The Fairfax County Board of Supervisors agreed yesterday to formulate a bond issue proposal for voters in November that could channel up to $80 million to county road improvements, including a start on construction of the Springfield Bypass.

The 6-to-0 vote was possible because of a bill passed in the just-ended 1985 session of the Virginia General Assembly to allow greater borrowing power for localities to fund road improvements.

Board members said they hoped to develop a package of highway projects that could be "fast-tracked" -- pushed through the Virginia Department of Highways and Transportation more quickly than usual.

Chief among the projects, board members said, would be the Springfield Bypass, a $200 million, 35-mile highway that would eventually connect Rte. 7 in the county's northwest with I-95 in the southeast, acting as a parallel, "outer" Beltway. Fairfax transportation officials have long said that the bypass would ease traffic congestion throughout the fast-growing county.

County Board of Supervisors Chairman John F. Herrity, who introduced the resolution for a referendum, said that as much as half of any bond issue might go toward the Springfield Bypass. Although a final route for the bypass was set almost four years ago, the road has always seemed a pipe dream because of its huge cost, county officials say. The officials have not yet decided the exact amount the November referendum will ask for.

Now, board members say, the General Assembly's decision to lift the ceiling on the amount of money the county can borrow to fund new roads makes it a more realistic priority.

"I think the expectations of our citizens have been heightened" by the General Assembly's actions, said Supervisor Martha V. Pennino (D-Centreville).

"We have to move now that we have the ability to do this," said Supervisor Joseph Alexander (D-Lee).

The General Assembly had previously set the county's borrowing ceiling through road bonds at $55 million. In two referendums in 1981 and 1982, the county gained approval for borrowing that amount for 28 different road projects.

The board also voted to create a committee of builders, real estate brokers, bankers, citizens and public officials to recommend programs to meet the housing needs of the poor, elderly and disadvantaged in the county.

County officials have long said that increasingly scarce federal funds for public housing have forced local governments to turn to the private sector for help in building affordable housing.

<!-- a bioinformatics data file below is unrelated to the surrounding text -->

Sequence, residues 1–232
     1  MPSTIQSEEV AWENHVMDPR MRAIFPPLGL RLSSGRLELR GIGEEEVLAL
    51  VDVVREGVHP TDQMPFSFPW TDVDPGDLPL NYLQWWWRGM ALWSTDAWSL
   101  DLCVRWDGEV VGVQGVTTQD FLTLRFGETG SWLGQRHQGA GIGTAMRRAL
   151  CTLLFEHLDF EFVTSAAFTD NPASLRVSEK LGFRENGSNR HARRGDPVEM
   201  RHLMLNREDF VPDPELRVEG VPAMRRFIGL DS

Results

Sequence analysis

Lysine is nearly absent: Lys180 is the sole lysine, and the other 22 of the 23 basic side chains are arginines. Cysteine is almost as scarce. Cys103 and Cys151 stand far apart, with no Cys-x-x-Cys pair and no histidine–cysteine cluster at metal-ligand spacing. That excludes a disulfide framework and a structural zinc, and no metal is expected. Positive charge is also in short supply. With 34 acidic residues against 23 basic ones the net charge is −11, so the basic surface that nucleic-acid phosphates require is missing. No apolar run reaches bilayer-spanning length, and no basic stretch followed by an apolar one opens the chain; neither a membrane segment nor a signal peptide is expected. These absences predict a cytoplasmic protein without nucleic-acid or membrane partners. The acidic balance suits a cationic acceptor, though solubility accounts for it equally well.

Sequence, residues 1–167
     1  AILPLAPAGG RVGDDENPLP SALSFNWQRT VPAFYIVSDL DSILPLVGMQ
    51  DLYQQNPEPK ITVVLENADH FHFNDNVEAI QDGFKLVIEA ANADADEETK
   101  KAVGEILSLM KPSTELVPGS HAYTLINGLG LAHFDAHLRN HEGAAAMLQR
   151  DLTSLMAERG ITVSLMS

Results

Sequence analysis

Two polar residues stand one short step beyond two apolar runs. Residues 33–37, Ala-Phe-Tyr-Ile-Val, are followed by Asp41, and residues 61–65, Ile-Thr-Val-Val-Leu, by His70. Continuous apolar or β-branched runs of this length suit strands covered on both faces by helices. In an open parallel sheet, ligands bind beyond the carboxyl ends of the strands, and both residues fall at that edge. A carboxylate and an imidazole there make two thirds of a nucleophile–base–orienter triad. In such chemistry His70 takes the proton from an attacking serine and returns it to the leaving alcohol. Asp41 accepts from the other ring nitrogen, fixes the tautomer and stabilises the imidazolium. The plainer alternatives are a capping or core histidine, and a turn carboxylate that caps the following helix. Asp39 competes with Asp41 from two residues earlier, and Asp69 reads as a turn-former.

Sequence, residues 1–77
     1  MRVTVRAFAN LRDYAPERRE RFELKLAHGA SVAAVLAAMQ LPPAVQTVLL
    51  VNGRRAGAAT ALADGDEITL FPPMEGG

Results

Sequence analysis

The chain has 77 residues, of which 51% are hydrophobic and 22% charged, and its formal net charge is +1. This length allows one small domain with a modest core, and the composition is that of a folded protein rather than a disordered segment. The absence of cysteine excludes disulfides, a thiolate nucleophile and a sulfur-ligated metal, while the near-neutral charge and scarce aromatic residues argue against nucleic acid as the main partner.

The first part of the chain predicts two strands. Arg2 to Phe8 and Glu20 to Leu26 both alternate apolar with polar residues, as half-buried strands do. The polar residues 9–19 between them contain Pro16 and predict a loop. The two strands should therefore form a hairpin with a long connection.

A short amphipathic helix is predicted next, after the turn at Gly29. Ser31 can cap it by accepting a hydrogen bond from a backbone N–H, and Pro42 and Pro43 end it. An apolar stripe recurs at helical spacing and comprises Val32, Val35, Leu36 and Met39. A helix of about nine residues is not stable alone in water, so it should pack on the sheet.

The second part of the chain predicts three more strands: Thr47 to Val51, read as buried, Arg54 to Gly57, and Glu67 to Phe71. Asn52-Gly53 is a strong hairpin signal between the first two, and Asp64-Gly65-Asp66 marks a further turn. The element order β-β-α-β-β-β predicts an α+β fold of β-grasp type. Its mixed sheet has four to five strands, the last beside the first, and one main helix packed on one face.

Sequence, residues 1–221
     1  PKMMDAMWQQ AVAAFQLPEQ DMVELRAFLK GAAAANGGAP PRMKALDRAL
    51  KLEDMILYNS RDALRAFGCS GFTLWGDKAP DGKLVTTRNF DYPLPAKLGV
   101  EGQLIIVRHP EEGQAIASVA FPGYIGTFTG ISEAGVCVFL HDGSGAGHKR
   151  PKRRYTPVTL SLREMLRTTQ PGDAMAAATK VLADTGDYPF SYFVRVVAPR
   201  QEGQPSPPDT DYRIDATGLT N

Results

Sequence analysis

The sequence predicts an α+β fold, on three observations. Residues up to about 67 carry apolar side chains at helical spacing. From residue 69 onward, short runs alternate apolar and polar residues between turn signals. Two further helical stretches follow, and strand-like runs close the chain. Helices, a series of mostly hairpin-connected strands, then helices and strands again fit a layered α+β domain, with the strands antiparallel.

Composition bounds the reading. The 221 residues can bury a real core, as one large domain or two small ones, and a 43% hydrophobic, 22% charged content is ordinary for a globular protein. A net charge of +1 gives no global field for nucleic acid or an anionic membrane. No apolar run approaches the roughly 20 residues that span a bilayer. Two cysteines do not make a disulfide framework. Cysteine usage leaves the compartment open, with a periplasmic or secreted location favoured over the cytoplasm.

"The private sector has to play a crucial role in meeting the housing needs of these disadvantaged families," said Supervisor James Scott (D-Providence).

Fairfax currently faces a severe shortage of rental units and inexpensive housing. The vacancy rate for rental units in the county was 2 percent last year, the lowest rate in the past decade. Fairfax Weighs Bond Issue Springfield Bypass Included in Plans By Lee Hockstader Washington Post Staff Writer

The Fairfax County Board of Supervisors agreed yesterday to formulate a bond issue proposal for voters in November that could channel up to $80 million to county road improvements, including a start on construction of the Springfield Bypass.

The 6-to-0 vote was possible because of a bill passed in the just-ended 1985 session of the Virginia General Assembly to allow greater borrowing power for localities to fund road improvements.

Board members said they hoped to develop a package of highway projects that could be "fast-tracked" -- pushed through the Virginia Department of Highways and Transportation more quickly than usual.

Chief among the projects, board members said, would be the Springfield Bypass, a $200 million, 35-mile highway that would eventually connect Rte. 7 in the county's northwest with I-95 in the southeast, acting as a parallel, "outer" Beltway. Fairfax transportation officials have long said that the bypass would ease traffic congestion throughout the fast-growing county.

County Board of Supervisors Chairman John F. Herrity, who introduced the resolution for a referendum, said that as much as half of any bond issue might go toward the Springfield Bypass. Although a final route for the bypass was set almost four years ago, the road has always seemed a pipe dream because of its huge cost, county officials say. The officials have not yet decided the exact amount the November referendum will ask for.

Now, board members say, the General Assembly's decision to lift the ceiling on the amount of money the county can borrow to fund new roads makes it a more realistic priority.

"I think the expectations of our citizens have been heightened" by the General Assembly's actions, said Supervisor Martha V. Pennino (D-Centreville).

"We have to move now that we have the ability to do this," said Supervisor Joseph Alexander (D-Lee).

The General Assembly had previously set the county's borrowing ceiling through road bonds at $55 million. In two referendums in 1981 and 1982, the county gained approval for borrowing that amount for 28 different road projects.

The board also voted to create a committee of builders, real estate brokers, bankers, citizens and public officials to recommend programs to meet the housing needs of the poor, elderly and disadvantaged in the county.

County officials have long said that increasingly scarce federal funds for public housing have forced local governments to turn to the private sector for help in building affordable housing.

"The private sector has to play a crucial role in meeting the housing needs of these [disadvantaged] families," said Supervisor James Scott (D-Providence).

Fairfax currently faces a severe shortage of rental units and inexpensive housing. The vacancy rate for rental units in the county was 2 percent last year, the lowest rate in the past decade.